Flights from Nairobi to Mombasa are almost completely booked, with the remaining tickets costing $160, up from an average of $64.18 in November. In response to the growing demand for air travel, airlines have expanded the number of flights to popular locations.
From December 20 to January 9, Jambojet, a subsidiary of Kenya Airways, increased Mombasa flights to 56 times a week, up from 48. The airline is now flying to Malindi 22 times per week from its headquarters in Nairobi, up from 18 flights before. It now travels to Ukunda 20 times per week, up from 14 times before, indicating a huge demand for internal flights.
Kenya Railways expanded passenger capacity on the Standard Gauge Railway train between Nairobi and Mombasa to meet increasing demand over the holiday season. The number of coaches for economy class passengers has been raised from eight to eleven.
First-class customers received an extra unit from the two coaches that were in service. The additional coaches will improve capacity until January 6, 2022. The Madaraka Express train is completely booked for the Christmas season, according to the reservations registry.
However, for Kenyans, a new vaccination requirement will be imposed, particularly for those wishing to enter public venues like as parks, hotels and restaurants, clubs, domestic flights, trains, and PSVs, dampening festivities for millions who are still unvaccinated. In order to avoid a court decision that barred the government from requiring a vaccination certificate, the Health Ministry has announced that it would now use the Public Health Act.
Passengers traveling north for the Christmas and New Year holidays in Tanzania have had to dig deeper into their wallets as rates have risen. Those traveling to Kilimanjaro and Arusha in the northern tourist circuit were the most hit, paying $23 for a one-way ticket, up from $13.5.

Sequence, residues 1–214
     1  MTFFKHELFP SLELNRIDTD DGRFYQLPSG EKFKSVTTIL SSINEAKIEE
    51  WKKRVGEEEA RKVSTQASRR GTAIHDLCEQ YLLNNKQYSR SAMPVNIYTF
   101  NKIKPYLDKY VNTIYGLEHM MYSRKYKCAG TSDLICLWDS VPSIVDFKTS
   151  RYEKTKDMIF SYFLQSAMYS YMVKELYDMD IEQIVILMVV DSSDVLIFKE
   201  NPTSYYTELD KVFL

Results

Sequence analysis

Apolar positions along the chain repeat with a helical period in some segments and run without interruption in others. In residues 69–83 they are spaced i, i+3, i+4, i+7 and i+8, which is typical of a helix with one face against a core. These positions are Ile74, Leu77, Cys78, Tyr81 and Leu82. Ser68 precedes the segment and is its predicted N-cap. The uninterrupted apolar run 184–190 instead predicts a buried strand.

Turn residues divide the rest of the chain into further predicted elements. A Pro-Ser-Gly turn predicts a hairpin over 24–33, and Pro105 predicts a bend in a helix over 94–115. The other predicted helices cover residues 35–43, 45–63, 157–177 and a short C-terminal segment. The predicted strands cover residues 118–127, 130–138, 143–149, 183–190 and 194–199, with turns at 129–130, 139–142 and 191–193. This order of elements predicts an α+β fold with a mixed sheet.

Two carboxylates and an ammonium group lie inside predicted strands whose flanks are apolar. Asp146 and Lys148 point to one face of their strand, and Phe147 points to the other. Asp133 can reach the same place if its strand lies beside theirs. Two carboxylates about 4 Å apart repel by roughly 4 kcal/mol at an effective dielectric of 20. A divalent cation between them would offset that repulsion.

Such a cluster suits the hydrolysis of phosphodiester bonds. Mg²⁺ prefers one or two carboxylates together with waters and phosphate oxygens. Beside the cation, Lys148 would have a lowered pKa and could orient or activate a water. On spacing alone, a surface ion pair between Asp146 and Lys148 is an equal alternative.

Mwita Waitara, Deputy Transport Minister, has asked the Land Transport Regulatory Authority (Latra) to oversee the sale of tickets to potential passengers. Mr Waitara said that the government would re-enforce its decision to create an electronic ticketing system as a permanent solution to relieve unilateral fee rises in the future.
“The e-ticketing system will be implemented in April 2022 to reduce bus ticketing fraud,” he stated.
Gilliard Ngewe, director of Latra, said that the transport regulatory authorities are now requiring the deployment of e-ticketing in order to limit passenger exploitation by transport operators.
Various tourist players have options for folks who do not want to go. Tanzania National Parks has already given discounts in an effort to entice domestic visitors.
Tanzania Wildlife Authority, in collaboration with safari businesses, has also organized vacation packages for the celebrations, which are expected to lure residents to spend the holiday in nature and conservation areas. Mpanga – Kipengele Nature Reserve in the southern highlands and Kilwa Historical Site on the southern shore have both organized special trips.
According to Tanzania Association of Tour Operators Executive Secretary Siril Akko, tourist mobility in northern Tanzania has been regular as businesses continue to attract more visitors.